Submitted to: Meeting Abstract
Publication Type: Other
Publication Acceptance Date: 12/17/2005
Publication Date: 12/17/2005
Citation: Chaudhury, M.F., Ward, G.B., Deng, M.Y., Montez, J., Kenney, M., Skoda, S.R., Mckenna, T.S. 2005. Can screwworm carry and spread foot-and-mouth disease virus and classical swine fever virus? The 2005 ESA Annual Meeting and Exhibition, December 17, 2005, Fort Lauderdale, Florida.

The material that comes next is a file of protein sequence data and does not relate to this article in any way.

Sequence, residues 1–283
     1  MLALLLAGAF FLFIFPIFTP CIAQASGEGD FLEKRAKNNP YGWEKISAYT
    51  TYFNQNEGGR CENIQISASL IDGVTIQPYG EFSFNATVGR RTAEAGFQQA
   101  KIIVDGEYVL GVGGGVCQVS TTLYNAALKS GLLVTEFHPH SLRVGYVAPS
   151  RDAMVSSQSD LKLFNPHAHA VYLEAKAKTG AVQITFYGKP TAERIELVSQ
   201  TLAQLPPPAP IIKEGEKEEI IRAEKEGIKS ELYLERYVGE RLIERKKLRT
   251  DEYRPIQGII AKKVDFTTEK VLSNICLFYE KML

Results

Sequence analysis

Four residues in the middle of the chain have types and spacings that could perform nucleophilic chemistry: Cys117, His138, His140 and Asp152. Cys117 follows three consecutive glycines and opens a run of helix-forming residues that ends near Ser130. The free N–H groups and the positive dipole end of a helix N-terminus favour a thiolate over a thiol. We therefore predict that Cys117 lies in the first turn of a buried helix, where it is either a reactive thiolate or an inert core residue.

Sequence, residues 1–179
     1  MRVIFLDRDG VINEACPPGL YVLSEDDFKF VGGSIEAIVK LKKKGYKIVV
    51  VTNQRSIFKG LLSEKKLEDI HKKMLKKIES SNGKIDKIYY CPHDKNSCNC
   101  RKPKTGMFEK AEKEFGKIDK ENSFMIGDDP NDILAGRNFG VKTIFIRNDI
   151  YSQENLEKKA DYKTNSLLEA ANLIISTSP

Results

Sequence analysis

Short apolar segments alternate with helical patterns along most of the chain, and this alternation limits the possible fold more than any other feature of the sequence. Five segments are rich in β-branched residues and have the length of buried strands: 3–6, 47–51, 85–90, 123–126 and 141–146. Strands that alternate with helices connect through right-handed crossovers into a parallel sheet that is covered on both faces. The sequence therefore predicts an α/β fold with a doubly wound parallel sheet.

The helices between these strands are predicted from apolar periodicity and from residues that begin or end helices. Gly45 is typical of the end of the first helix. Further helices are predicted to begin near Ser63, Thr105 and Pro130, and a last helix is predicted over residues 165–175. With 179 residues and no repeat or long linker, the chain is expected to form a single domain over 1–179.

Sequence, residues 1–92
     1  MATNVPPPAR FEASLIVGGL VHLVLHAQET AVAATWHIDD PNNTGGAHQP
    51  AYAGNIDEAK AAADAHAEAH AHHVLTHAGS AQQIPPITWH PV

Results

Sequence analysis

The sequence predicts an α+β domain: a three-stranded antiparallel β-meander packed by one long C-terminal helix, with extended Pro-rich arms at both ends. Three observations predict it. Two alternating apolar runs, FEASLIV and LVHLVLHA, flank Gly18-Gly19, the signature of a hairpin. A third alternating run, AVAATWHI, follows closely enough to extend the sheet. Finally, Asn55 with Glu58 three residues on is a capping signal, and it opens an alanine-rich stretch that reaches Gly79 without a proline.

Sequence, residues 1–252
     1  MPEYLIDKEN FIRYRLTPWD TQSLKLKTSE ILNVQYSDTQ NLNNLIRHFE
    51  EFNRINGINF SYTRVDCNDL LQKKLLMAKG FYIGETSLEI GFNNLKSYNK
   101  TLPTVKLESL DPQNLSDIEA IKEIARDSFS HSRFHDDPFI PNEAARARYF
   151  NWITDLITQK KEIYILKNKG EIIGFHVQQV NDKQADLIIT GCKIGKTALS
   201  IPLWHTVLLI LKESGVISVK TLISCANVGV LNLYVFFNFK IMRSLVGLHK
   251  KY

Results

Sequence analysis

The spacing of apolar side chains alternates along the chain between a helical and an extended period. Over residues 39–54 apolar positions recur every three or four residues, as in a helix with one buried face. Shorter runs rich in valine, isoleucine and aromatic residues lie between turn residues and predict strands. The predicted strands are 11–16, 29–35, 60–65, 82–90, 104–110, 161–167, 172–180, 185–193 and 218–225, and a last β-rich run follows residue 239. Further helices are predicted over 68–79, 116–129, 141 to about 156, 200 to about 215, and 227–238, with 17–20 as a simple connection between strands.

Technical Abstract: Screwworms, Cochliomyia hominivorax, are severe pests that cause myiasis in cattle, wildlife and humans. This insect has been eradicated from the Unites States, Mexico and most of Central America using sterile insect technology (SIT). Efforts are underway to eradicate the fly from Caribbean countries. The continued success of the eradication effort requires periodic development of new strains by adapting wild screwworms to the laboratory rearing environment for use in SIT. Highly contagious viral diseases of livestock, such as foot-and-mouth disease (FMD) and classical swine fever (CSF) are endemic in the areas where screwworms are now endemic. Transporting live screwworms for the purpose of developing new laboratory strains presents the risk that an exotic disease of livestock may be introduced to areas free of these diseases. The purposes of this study were to investigate if screwworms are capable of harboring FMD virus (FMDV) and CSF virus (CSFV) once contaminated through rearing media and to evaluate mitigation strategies for reducing the likelihood of exotic disease agent introduction through the movement of screwworms. Screwworm larvae were raised at 37°C in rearing media inoculated with FMDV or CSFV. The media contained either 0.1% formaldehyde or antibiotics (Penicillin/streptomycin and Gentamicine) and fungicide (Fungizone) to prevent microbial growth. Samples of insects and media were collected daily and tested for the presence of the viruses by virus isolation and reverse transcription-polymerase chain reaction (RT-PCR). FMDV was detectable for the first three days after inoculation into media containing antibiotics and the fungicide but neither FMDV nor CSFV were detected even one day after inoculation into the media containing 0.1% formaldehyde. No virus was detected by VI or RT-PCR from any larvae raised in rearing medium containing formaldehyde or antibiotics and fungicide. These results indicate that screwworms do not carry FMDV and CSFV when they are exposed through rearing media that was inoculated with the viruses. Collected samples are being further analyzed.